Body Language In Italy

In a high-context culture such as Italy, facial expressions and body language are important ways of communicating information. Italians frequently communicate with each other with just a wink or hand gesture. They also reinforce their verbal communication with strong gesticulations. So don’t just pay attention to what is said, but stay tuned to other non-verbal cues.

Communication In Italy

Social distance

Italians have a rather small sense of personal space. They like to talk face to face, so they stand or sit close together and will also touch each other in conversation.

If you are not used to that you may feel crowded by Italians. This is understandable but please be aware that stepping back in order to protect your personal space is often unconsciously perceived by Italians as rejection. It can therefore be helpful to be aware of the culturally different social distance in order to feel less personally invaded.

Gestures that can be misunderstood

There are also many gestures that may seem unfamiliar to you or that are simply interpreted differently in Italy. Here are some examples:

  • If an Italian sits opposite you with slightly raised fists, this is by no means to be understood as a threat, but as an expression of helplessness.
  • Wanting to drop the argument is signalled by a small hand motion.
  • If you want to beckon someone, move your hand towards you with the back of your handheld forward and your fingers pointing down.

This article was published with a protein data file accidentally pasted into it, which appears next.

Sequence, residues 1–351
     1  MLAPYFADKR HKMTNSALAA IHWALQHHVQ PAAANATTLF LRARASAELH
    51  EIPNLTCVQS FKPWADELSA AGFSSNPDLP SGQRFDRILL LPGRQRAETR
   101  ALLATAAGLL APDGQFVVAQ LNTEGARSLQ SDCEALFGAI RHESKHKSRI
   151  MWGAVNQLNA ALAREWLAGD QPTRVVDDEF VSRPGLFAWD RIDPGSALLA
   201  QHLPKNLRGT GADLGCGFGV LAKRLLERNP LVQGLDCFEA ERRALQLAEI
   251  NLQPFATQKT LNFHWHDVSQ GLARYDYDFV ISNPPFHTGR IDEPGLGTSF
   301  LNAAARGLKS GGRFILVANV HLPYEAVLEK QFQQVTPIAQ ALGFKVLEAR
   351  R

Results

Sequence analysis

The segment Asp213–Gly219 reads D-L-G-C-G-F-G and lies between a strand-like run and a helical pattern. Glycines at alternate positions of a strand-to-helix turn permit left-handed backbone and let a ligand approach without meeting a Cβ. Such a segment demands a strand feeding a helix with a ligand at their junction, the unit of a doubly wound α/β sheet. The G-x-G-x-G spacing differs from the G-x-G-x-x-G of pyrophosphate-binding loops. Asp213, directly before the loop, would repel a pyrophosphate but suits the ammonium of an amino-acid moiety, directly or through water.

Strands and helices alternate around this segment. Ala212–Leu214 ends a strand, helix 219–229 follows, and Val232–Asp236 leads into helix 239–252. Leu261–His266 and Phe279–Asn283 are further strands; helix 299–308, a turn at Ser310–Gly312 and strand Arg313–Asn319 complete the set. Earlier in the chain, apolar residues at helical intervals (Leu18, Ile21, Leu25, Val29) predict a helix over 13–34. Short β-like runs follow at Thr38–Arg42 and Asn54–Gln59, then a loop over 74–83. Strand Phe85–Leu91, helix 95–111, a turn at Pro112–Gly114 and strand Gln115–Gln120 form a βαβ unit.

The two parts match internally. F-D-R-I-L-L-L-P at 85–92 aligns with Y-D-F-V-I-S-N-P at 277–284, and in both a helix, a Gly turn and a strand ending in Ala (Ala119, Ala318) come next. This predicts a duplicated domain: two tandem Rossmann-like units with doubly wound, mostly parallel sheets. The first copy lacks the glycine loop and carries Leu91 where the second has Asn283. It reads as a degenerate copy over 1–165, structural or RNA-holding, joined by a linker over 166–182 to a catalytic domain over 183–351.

• In Italy, putting the fingertips of a hand together at the mouth does not only mean that something tastes wonderful but also expresses that something has been done perfectly.
  • If your counterpart briefly pulls down their lower eyelid with their index finger, it basically means “Watch out!” It does not signal doubts about what has been said before.
  • The gesture of joining the fingertips of one hand and moving the hand back and forth at the height of the upper body while facing the other is also very Italian. This is how you show that you have not understood something or simply do not want to hear or believe it.
  • “No” or “I don’t care” is often signalled by the hand being held under the chin and then quickly flicked outwards. The head moves slightly backwards at the same time.
  • Be careful: Holding your thumb or keeping your fingers crossed is completely unknown in Italy!

Related videos